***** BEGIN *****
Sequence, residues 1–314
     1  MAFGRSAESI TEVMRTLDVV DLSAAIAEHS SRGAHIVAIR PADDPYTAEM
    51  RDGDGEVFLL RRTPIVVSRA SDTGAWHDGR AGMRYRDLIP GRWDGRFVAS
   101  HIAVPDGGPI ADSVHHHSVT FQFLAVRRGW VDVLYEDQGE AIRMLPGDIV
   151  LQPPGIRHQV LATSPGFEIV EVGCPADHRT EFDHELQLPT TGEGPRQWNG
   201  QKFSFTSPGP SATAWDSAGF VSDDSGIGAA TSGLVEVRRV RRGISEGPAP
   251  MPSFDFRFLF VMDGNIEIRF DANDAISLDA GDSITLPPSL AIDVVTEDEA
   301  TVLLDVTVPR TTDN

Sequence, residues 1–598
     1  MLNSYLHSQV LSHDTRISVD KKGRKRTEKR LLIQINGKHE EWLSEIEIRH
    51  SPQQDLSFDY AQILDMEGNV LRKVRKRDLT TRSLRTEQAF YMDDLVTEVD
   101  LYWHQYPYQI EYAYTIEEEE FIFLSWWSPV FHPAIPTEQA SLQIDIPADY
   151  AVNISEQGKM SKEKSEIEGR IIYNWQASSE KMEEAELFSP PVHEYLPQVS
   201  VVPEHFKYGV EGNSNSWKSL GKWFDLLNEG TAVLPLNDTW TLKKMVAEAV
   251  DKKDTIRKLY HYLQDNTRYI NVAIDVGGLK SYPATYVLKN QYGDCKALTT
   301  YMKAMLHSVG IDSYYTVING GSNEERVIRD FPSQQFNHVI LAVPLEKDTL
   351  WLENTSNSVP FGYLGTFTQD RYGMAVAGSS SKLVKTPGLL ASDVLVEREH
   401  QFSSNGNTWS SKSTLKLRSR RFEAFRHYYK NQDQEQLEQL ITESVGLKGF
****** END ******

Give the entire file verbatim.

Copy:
Sequence, residues 1–314
     1  MAFGRSAESI TEVMRTLDVV DLSAAIAEHS SRGAHIVAIR PADDPYTAEM
    51  RDGDGEVFLL RRTPIVVSRA SDTGAWHDGR AGMRYRDLIP GRWDGRFVAS
   101  HIAVPDGGPI ADSVHHHSVT FQFLAVRRGW VDVLYEDQGE AIRMLPGDIV
   151  LQPPGIRHQV LATSPGFEIV EVGCPADHRT EFDHELQLPT TGEGPRQWNG
   201  QKFSFTSPGP SATAWDSAGF VSDDSGIGAA TSGLVEVRRV RRGISEGPAP
   251  MPSFDFRFLF VMDGNIEIRF DANDAISLDA GDSITLPPSL AIDVVTEDEA
   301  TVLLDVTVPR TTDN

Sequence, residues 1–598
     1  MLNSYLHSQV LSHDTRISVD KKGRKRTEKR LLIQINGKHE EWLSEIEIRH
    51  SPQQDLSFDY AQILDMEGNV LRKVRKRDLT TRSLRTEQAF YMDDLVTEVD
   101  LYWHQYPYQI EYAYTIEEEE FIFLSWWSPV FHPAIPTEQA SLQIDIPADY
   151  AVNISEQGKM SKEKSEIEGR IIYNWQASSE KMEEAELFSP PVHEYLPQVS
   201  VVPEHFKYGV EGNSNSWKSL GKWFDLLNEG TAVLPLNDTW TLKKMVAEAV
   251  DKKDTIRKLY HYLQDNTRYI NVAIDVGGLK SYPATYVLKN QYGDCKALTT
   301  YMKAMLHSVG IDSYYTVING GSNEERVIRD FPSQQFNHVI LAVPLEKDTL
   351  WLENTSNSVP FGYLGTFTQD RYGMAVAGSS SKLVKTPGLL ASDVLVEREH
   401  QFSSNGNTWS SKSTLKLRSR RFEAFRHYYK NQDQEQLEQL ITESVGLKGF